The Oxford English Dictionary’s word of the year for 2019 is "climate emergency". As pedants among us may point out, that is in fact two words, but a worthy and important winner nonetheless. I can’t help but feel, however, that the real word(s) of the year were "girly swot".
They say a week is a long time in politics. Right now, 24 hours can feel like a lifetime. So it may be hard to cast your mind back to more innocent times (September), when it was revealed that Boris Johnson had referred to his old school friend and predecessor David Cameron thus.
In a febrile political climate, where facts, evidence and expertise can feel like relics of a bygone era, women seized on the apparent slur and embraced it as a badge of honour. In our industry, too, it feels that the hour of the girly swot has come.
Girly swots, it is important to note, are not the same as good girls.
I have written in the past about the "good girl trap". The good girl trap, for the uninitiated, is the danger that successful women become trapped by the very behaviours that led to their initial success – diligence, conformity, agreeableness.
Women learn early in their school careers not to raise their hand unless they are thoroughly prepared. Recent data shows that girls in the UK have one of the highest fear of failure levels anywhere in the world. They learn quickly in their professional careers that challenging the status quo can be seen as disruptive. Strident. Shrill.
As a result, many become trapped in a cycle of doing their diligent and dedicated best to make a broken system work, rather than make a change. This takes these brilliant women a long way – annual reviews will describe them as hard-working, meticulous and dedicated – but not all the way. Because, at a certain point, the ability to constructively challenge and creatively disrupt becomes more important than following the rules.
Girly swots share many characteristics with good girls. Girly swots have a plan – and a plan B. Girly swots do their homework. Girly swots know what the data says and – yes, thank you – they know the sample size and the methodology. Most importantly, girly swots don’t have to be, well, girls. Some of my very favourite girly swots are boys.
The difference is that girly swots are not afraid to raise their hands or their voice. Angela Merkel, Elizabeth Warren, Greta Thumberg? Girly swots all. Hermione Granger? The patron saint of girly swots.
In a world of heightened rhetoric and vitriol, of polarisation and clickbait, girly swots bring much-needed nuance to the conversation. That’s needed in our political discourse, but it’s also needed in our industry.
We, too, live in world of polarisation. Brand purpose is dead. Brand purpose is king. Data is the new oil. Data is the scourge of creativity. Content is king. Content is wallpaper.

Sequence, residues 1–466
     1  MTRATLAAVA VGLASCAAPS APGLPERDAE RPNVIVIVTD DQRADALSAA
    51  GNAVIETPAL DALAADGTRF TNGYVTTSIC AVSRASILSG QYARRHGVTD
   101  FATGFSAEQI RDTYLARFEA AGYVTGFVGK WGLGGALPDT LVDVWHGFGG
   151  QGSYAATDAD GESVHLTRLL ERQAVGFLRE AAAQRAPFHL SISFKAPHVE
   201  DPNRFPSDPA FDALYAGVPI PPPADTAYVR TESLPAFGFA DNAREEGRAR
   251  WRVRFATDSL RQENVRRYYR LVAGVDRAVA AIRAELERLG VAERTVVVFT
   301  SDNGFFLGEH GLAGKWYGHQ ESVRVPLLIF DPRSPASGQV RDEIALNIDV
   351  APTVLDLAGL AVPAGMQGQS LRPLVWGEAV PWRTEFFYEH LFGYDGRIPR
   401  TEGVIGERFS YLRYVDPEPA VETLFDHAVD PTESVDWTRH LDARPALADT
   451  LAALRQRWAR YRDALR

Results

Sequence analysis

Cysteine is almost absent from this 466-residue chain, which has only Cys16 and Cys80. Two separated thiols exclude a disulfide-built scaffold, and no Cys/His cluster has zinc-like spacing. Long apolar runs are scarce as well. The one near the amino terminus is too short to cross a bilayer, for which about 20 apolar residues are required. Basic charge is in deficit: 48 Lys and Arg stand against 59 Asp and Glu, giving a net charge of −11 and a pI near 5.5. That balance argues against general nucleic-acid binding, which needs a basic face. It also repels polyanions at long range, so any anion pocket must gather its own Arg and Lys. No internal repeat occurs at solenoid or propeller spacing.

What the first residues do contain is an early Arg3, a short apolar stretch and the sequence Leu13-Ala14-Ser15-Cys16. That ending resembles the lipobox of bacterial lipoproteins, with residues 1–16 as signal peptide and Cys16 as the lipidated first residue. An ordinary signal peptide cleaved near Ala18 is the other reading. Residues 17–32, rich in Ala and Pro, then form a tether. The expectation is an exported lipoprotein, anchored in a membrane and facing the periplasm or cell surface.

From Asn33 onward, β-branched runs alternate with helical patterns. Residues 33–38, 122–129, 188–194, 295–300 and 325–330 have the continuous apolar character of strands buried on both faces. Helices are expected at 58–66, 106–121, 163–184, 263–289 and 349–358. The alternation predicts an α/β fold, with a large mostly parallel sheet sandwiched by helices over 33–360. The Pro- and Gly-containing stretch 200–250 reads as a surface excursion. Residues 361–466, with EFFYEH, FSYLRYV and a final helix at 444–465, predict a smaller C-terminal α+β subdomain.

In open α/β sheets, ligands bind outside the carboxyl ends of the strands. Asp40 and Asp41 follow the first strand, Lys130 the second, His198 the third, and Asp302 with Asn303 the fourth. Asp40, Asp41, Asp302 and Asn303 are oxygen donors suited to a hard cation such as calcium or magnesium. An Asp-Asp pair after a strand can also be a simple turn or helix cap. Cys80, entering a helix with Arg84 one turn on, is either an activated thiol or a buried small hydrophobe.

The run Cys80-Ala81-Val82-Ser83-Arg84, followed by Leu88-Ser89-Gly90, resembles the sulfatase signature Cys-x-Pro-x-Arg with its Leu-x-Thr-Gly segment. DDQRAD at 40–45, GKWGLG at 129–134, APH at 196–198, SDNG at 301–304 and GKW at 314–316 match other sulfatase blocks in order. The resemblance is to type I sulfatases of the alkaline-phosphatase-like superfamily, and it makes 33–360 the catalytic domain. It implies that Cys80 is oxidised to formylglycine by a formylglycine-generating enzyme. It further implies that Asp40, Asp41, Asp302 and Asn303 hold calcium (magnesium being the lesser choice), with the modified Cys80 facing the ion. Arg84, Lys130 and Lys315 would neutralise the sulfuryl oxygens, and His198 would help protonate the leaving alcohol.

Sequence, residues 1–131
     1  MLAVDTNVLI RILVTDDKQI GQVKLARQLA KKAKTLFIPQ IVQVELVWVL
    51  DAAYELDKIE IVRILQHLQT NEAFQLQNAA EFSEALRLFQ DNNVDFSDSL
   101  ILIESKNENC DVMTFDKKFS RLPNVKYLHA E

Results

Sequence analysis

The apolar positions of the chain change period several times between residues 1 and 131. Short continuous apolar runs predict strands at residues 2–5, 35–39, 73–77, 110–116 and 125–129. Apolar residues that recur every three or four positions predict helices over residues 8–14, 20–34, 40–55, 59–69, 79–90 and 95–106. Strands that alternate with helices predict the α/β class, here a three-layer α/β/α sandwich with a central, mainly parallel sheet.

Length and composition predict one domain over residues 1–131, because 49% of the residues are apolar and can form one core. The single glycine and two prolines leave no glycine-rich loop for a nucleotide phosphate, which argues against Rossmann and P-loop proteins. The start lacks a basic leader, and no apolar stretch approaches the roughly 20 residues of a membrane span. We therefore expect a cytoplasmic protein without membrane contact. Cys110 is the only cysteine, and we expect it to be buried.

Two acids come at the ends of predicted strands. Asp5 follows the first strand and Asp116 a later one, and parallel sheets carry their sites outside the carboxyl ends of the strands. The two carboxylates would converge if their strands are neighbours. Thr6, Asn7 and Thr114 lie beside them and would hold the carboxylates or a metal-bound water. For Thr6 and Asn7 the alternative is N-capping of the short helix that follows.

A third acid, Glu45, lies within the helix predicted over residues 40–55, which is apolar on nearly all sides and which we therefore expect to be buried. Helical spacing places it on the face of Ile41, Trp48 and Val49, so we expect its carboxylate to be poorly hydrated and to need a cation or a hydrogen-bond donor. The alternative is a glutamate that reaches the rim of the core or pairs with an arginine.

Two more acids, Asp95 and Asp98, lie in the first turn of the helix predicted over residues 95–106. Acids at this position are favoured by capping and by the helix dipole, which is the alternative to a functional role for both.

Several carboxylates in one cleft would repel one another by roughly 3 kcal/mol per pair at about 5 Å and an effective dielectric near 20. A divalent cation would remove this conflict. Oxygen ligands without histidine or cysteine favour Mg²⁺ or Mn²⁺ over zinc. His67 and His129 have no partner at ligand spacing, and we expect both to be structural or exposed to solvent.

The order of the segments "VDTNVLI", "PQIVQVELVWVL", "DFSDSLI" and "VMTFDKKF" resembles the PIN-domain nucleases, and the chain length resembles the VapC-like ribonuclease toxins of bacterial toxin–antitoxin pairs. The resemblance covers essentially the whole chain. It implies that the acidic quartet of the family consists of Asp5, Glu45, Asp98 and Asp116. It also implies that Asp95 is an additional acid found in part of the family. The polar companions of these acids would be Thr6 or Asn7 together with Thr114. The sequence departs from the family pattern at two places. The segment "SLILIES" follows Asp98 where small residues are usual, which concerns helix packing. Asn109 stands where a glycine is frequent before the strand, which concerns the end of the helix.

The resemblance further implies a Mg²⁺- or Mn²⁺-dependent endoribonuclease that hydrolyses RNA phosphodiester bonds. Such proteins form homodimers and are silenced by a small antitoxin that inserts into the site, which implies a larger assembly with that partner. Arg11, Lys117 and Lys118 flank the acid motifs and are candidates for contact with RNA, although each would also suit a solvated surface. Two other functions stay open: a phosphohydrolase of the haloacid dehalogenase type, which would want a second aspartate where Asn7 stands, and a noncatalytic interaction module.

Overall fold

Moreover, we live in a world where trust is scarce. Where our credibility as an industry is compromised by fake news, fake views and fake influencers.
So, across our industry, regardless of gender, perhaps it’s time for a swottier style of leadership. Where we value preparedness, nuance and thoughtfulness over bluster and blagging.
So what can we all learn from copying the girly swots’ homework?
Complexity is not a bad thing
No-one ever lost a speaking gig or a byline by taking a polarising position, but the reality is almost inevitably more complicated. Girly swots know that. They may be excited about the new, but they understand the power of "traditional" channels and the enduring power of a story well told. Most importantly, they know the power of "and".
But obfuscation is a bad thing
While we may embrace complexity, we must reject obfuscation. Girly swots love explaining things. They love bringing others on the journey. They embrace the complex and they make it simple.
Curiosity is invaluable, passion is cool
We talk a lot as an industry about restless, relentless, paranoid cultures. Perhaps a more positive, more inclusive way to think about it is curiosity. Curiosity about the new, curiosity about the old. Curiosity about theories, curiosity about people. Girly swots embrace curiosity, disappear down rabbit holes and come back with inspiration from everywhere, from poetry to politics, physics to stand-up, Blake to Bauhaus.
'I don’t know' is not a weakness
As an industry, it can sometimes feel that we are terrified to admit that we don’t know. To our colleagues or to our clients. Just as we’ve learned in recent years that it’s OK sometimes not to be OK, let’s agree that it’s OK sometimes not to know.
There is enormous credibility in admitting, in a post-truth world, that we don’t know something but we’re going to go away to do our research. There’s powerful vulnerability in admitting to our colleagues that we don’t know something (or anything) about their area of expertise and asking them to teach us something.
So, will girly swots be the word(s) of 2020? Who knows. But let’s try, at least, to make it a little of the spirit of 2020, building a more thoughtful, nuanced, fact-based and curious business. Swots, raise your hands.
Patricia McDonald is managing director, strategy and insight, at Weber Shandwick